People Will Talk: Will Faller
Will Faller in his studio
Opening this Friday, October 14, at Will Faller Fine Art & Antiques in East Aurora, is “Buffalo in Art,” a show and sale of artwork featuring the architecture of Buffalo and Western New York. It’s intended to complement the National Trust visit. Proprietor Will Faller, 44, has been around galleries, art, and photography his entire life.
Jana Eisenberg: Your mother and stepfather, Marion Faller and Hollis Frampton, were innovative artists/photographers ... what was it like growing up in that milieu?
Will Faller: Actually both my parents were photographers—they divorced when I was very young, and both remarried—my mother to Hollis, and my father, to someone who owned a gallery. I liked it in the beginning, but eventually got tired of being dragged to galleries.
JE: So, how did you end up in East Aurora with a fine art and antique shop?
WF: After high school in Buffalo, I wandered for a decade or so. When my wife and I got married, we lived down in NYC. We moved back to Buffalo when our daughter Emma was born. We started looking for schools for her—my wife’s father had taught at East Aurora High. We loved [the town] and wound up out here.
JE: And the arts and antique business?
WF: Well, I had been dabbling, on and off, for the last 15 years. I always collected, and am fascinated with the art world and antiques. I was buying, selling, and collecting. I amassed a lot of artwork and “stuff”; I needed to either continue it as a serious hobby, or turn it into career. I opened the first shop almost five years ago—we moved on to the main street a couple of years ago.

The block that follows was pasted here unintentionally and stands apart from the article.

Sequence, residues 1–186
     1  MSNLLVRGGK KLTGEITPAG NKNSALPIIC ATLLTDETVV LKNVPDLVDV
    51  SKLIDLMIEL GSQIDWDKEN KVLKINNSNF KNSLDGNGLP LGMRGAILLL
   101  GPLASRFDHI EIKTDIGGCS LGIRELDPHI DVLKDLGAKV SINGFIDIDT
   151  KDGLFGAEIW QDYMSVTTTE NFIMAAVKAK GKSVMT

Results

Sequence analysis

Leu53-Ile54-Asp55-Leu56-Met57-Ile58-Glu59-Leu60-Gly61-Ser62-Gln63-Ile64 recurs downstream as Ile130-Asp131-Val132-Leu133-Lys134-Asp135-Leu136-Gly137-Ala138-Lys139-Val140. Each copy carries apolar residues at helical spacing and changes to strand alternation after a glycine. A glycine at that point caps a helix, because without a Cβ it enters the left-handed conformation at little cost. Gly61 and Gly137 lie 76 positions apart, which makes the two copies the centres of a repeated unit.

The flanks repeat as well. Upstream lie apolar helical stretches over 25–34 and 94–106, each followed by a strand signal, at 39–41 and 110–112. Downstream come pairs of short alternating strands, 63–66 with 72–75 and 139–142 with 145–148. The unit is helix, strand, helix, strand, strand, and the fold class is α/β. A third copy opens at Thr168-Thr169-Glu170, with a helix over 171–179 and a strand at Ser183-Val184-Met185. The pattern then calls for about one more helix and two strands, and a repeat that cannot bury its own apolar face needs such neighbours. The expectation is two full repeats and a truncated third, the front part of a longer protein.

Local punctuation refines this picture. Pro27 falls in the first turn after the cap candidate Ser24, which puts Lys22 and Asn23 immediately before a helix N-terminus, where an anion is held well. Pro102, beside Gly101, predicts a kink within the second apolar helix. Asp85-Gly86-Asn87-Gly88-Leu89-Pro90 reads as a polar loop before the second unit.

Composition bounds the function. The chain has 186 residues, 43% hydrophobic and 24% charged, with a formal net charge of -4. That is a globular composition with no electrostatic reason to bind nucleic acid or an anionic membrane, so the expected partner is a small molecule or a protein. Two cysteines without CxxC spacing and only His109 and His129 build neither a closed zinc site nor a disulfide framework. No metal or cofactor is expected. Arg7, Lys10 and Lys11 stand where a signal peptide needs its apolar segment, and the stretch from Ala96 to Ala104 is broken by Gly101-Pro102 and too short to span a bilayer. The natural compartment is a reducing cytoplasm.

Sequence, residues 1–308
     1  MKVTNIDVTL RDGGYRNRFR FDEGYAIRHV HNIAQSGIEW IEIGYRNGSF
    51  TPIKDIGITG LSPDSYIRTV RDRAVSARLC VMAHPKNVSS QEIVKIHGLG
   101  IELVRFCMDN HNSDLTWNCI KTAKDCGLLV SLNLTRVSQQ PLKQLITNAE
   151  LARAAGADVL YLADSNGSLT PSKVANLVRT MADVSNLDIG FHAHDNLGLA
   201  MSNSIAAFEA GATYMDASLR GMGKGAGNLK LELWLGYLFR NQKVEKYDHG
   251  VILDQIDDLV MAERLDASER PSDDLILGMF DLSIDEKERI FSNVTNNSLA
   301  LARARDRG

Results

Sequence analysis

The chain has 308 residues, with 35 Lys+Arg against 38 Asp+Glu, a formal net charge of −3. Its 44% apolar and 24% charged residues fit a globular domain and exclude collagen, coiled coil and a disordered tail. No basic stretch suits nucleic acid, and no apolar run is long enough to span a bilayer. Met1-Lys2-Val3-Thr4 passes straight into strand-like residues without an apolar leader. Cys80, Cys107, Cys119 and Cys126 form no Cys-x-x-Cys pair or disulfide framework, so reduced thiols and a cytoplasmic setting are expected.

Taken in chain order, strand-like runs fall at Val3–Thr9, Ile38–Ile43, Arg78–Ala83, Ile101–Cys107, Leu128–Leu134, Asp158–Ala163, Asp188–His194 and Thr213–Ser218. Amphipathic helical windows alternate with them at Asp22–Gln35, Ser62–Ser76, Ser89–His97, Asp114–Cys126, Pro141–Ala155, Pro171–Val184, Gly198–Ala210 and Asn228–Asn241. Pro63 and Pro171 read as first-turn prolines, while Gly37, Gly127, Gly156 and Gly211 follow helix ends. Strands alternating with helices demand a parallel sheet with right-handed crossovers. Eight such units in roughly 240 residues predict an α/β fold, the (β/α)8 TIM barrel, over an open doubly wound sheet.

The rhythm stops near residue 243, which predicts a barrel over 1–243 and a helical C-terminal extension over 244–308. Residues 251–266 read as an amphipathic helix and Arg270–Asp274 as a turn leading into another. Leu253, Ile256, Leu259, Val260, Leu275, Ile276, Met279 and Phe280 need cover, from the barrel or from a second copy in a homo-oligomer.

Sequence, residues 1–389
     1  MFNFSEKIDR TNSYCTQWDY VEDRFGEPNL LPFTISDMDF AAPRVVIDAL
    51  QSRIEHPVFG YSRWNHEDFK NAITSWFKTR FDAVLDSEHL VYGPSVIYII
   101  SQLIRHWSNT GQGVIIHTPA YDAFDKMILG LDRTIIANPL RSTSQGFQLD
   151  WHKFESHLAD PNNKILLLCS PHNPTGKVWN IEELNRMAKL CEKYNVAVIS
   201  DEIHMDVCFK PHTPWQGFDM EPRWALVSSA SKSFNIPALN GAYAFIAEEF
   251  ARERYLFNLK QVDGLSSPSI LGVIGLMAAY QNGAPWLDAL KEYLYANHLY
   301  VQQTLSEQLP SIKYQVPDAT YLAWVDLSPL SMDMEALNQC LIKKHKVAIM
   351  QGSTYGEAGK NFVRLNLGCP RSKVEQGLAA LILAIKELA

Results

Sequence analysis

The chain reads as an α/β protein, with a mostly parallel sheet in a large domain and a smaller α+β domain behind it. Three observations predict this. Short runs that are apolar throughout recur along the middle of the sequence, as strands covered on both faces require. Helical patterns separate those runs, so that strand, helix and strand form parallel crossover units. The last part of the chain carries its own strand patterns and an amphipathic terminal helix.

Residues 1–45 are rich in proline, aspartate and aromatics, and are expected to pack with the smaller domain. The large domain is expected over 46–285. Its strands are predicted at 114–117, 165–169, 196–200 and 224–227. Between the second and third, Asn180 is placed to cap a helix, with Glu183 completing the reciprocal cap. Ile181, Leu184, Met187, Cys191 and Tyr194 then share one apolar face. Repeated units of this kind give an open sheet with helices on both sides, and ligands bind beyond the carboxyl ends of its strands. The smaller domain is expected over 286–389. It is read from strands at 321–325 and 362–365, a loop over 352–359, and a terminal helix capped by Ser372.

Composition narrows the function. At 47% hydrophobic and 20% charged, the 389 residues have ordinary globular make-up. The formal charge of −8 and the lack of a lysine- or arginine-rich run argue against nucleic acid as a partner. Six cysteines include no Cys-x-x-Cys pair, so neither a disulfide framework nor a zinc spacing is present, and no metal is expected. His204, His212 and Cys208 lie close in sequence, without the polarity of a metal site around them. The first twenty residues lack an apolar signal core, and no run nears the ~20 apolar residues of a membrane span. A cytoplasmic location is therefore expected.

JE: What other jobs have you had?
WF: I was a bicycle messenger in Manhattan. I did airline customer service. I was a chef at Colter Bay for almost 10 years—that was back in my younger, heavier-drinking days.
JE: The show will feature works by a range of artists—including well-known members of the vaunted Buffalo Print Club like William Schwanekamp, Kevin O’Callahan and Carlo Nisita, plus paintings, drawings and photographs by artists such as Joseph Eger and Alexander Levy. How did you get this notion?
WF: It’s been in the back of my mind to do it. I’ve been collecting paintings of Buffalo scenes, and I started setting things aside a while ago. I planned the date to coincide with the National Trust conference.
"Grain elevators,” signed “Fleming,” is one of the pieces featured in Will Faller's new exhibit.
JE: Why do you think so many artists represent Buffalo scenes and landmarks?
WF: There’s a lot of interesting architecture in Buffalo. Industrial subjects show up a lot in the era that I like, from the WPA to modernism. People take pride in our landmarks. Especially when the city is struggling; it’s something that’s a common denominator.
JE: When you were a boy, your mother did a series of photographs documenting what was in your pockets. So, what’s in your pocket right now?
WF: Two checkbooks, a “smallet” (small wallet patented by my father-in-law), a little bit of cash, some change, a jeweler’s loupe, and a small, soapstone Mayan head.
576 Main St. East Aurora NY 14052